Kawhi Leonard: The Quiet American

In this era of self-promotion, Kawhi Leonard is the rare superstar that has no desire to steal the spotlight. He lets other athletes make headlines through their media conversations, tweets, and flashy outfits, while he simply steps onto the court each night and produces. This fascination with the glamorous is the reason the whole basketball world is talking about the Warriors, and yet the Spurs are on the verge of winning 68 games, a franchise record.

When it comes to basketball, Leonard does whatever he can to improve, and ignores everything else. When he was in high school, he focused on sneaking into the gym at night rather than college scholarships. When he got into the gym, he didn’t just get shots up for fun. He trained. He worked. Instead of paying attention to others, Leonard set his sights on beating himself every day.

Leonard continued to develop throughout his high school career in the Los Angeles area. By the time his senior season came around, Division I programs across California began to take notice. Rather than playing in the spotlight at a power conference school, Leonard chose to attend San Diego State, where he knew he could thrive.

He continued his old ways as an Aztec, beginning his workouts at 6:30 a.m. despite the gym being closed. As expected, he found his way in. As a sophomore, Kawhi led San Diego State to a 34-3 record and a Sweet 16 appearance.

“I’ve never had anyone, ever, who was consumed with being the best they could possibly be like Kawhi,” San Diego State head coach Steve Fisher said. “You have a lot [of players] that will talk a good game. But he doesn’t want to talk about what he’s doing. He just wants to do it.”

Leonard has earned the praise of Gregg Popovich, which is noteworthy because Pop almost never shows his satisfaction. After Kawhi’s huge performance in a win against Golden State last April, Pop was complimentary.

“He stole it from Curry the other night, just took it from him and went down and dunked it, and his expression did not change. He didn’t raise his fist or look cool to the crowd or do any of this stupid-ass stuff. He didn’t do a thing. He just goes in the other direction, like he’s bored to death. I love that about him.”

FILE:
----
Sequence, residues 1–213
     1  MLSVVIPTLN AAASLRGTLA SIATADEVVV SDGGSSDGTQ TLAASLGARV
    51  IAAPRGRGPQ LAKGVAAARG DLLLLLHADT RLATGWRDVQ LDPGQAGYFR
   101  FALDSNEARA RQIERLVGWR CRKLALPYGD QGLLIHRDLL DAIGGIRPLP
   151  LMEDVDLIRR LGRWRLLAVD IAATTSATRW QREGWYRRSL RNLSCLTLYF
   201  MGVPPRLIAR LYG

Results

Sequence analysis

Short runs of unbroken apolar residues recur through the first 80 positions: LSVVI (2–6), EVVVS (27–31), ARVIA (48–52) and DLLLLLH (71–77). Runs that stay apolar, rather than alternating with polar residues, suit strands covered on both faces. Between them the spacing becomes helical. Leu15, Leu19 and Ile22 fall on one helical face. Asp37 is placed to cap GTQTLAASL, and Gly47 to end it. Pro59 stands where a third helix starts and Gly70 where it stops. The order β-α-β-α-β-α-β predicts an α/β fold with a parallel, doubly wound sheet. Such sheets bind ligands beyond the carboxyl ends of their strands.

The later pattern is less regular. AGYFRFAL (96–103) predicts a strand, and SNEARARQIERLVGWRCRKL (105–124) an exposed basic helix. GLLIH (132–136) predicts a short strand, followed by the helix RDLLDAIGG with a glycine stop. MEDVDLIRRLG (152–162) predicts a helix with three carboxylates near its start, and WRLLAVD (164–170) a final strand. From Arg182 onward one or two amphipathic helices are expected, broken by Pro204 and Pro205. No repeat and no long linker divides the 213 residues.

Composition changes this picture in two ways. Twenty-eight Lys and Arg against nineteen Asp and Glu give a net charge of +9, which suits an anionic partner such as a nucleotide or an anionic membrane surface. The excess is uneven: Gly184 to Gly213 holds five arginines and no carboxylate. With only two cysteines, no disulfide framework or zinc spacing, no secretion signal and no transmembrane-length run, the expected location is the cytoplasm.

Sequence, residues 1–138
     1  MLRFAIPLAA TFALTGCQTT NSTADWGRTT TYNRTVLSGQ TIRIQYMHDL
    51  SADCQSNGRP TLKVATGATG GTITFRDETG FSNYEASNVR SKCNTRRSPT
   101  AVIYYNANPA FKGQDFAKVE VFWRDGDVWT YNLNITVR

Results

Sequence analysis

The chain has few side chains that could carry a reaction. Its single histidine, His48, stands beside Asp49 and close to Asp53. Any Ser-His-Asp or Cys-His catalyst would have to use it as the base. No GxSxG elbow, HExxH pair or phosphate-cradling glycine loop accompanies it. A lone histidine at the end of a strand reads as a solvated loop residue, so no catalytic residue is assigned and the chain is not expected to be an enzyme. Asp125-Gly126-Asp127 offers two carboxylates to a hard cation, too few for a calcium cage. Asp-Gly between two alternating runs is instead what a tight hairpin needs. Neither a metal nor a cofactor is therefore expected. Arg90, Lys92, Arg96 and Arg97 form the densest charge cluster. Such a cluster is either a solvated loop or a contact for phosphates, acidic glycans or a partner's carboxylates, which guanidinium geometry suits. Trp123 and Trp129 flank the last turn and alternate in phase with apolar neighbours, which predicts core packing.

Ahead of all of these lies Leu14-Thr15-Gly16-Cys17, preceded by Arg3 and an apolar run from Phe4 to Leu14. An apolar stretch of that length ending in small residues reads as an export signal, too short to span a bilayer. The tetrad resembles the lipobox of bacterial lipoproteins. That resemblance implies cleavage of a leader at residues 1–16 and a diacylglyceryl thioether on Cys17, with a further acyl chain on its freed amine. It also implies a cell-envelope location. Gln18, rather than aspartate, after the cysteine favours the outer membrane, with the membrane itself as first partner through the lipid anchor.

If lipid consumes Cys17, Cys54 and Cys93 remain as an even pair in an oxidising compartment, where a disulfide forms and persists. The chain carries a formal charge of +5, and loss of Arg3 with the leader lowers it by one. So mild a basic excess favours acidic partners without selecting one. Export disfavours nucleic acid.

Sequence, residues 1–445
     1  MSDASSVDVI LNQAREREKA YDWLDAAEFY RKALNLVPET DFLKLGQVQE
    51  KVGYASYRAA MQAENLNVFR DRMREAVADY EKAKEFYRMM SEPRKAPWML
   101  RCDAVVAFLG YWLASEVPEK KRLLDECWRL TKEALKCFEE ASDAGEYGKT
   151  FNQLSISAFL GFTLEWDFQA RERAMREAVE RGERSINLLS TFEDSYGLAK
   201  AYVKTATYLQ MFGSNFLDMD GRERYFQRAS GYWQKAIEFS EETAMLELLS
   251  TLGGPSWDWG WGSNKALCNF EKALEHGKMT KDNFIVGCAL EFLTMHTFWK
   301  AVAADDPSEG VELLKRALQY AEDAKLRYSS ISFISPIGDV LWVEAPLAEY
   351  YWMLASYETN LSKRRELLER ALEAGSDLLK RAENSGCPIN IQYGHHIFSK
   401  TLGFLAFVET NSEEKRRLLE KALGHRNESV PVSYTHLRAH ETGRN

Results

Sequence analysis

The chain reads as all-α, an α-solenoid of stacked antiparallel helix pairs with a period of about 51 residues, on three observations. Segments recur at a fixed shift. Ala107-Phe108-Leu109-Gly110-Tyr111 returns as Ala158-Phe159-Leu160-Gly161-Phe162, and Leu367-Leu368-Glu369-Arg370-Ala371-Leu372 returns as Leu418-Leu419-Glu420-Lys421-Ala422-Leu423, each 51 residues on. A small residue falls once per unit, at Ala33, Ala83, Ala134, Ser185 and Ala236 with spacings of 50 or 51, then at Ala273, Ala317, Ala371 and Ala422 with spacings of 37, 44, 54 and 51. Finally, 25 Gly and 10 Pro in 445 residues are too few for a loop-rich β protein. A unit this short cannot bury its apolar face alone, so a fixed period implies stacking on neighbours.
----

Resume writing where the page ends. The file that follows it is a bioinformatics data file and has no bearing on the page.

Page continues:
Without Leonard, the Spurs might be panting their way to the fourth seed in the West. On a roster of 15, he is one of six players below 30 years of age. Over half of San Antonio’s team is at least 33, and two of the top rotation players (Tim Duncan and Manu Ginobili) are at least 38.

Kyle Anderson, 22, is the Spurs’ youngest player. But he plays like another old guy, earning the nickname “Slow Mo.” In November, 39-year-old Duncan even said that he can beat Anderson in a foot race. The roster is skilled and has a high basketball IQ, but athleticism is at a premium.

This is why Leonard, one of the most freakish athletes in the league, is so critical for San Antonio. He is 24, standing 6’7” with a 7’3” wingspan. He possesses lateral quickness, jumping ability, and a high top speed. Kawhi provides balance to the Spurs. After sprinkling in energetic role players like Danny Green and Patty Mills, the result is a 61-12 record.

San Antonio’s team success has brought individual recognition for Kawhi; he may repeat as Defensive Player of the Year, and he is an MVP candidate. He is averaging 21 points, 6.8 rebounds, and 2.5 assists in his fifth season, which do not seem like MVP numbers upon first glance. His efficiency is what brings him to the elite rankings. He is shooting 51% from the field, 46% from three-point range, and 88% from the free-throw line.

Leonard is careful with the ball, averaging only 1.5 turnovers per game. He takes the ball away from other teams much more frequently, with 1.8 steals and 1 block per game. Kawhi’s efficiency and lack of mistakes derive from a strong sense of discipline and a keen attention to detail.

Kawhi is a defender that causes opposing offenses to alter their game plans for him. He hounds the best scorer on the other team. If he hears trash talk, he ignores it. He plays the game and deems all distractions irrelevant.

Despite his new spotlight and lucrative contract (5-years, $95 million), Leonard has refused to change his humble ways. He still drives a 1997 Chevy Tahoe, which he began driving in high school. During his first few years in the league, he shared a home with his mother. When he walks into the AT&T Center on game nights, he usually wears jeans and a sweatshirt. He sports Jordan apparel because he is an endorsed athlete with the brand.

When he was 16, Leonard’s father was shot and killed at his car wash in Compton, CA. Mark Leonard was a big influence on his son and “just wanted me to enjoy the game and have fun,” said Kawhi. It may not appear that Kawhi is having a blast on the court because of his calm demeanor, but he loves the game more than anything. And it’s a good thing, because he will be a commanding presence in the NBA for many years.

Leonard will continue to think of himself as just a kid from Moreno Valley, and he will continue to improve. Perhaps the world will even see him smile again if his team dethrones the Warriors and brings San Antonio another championship.


photo via llananba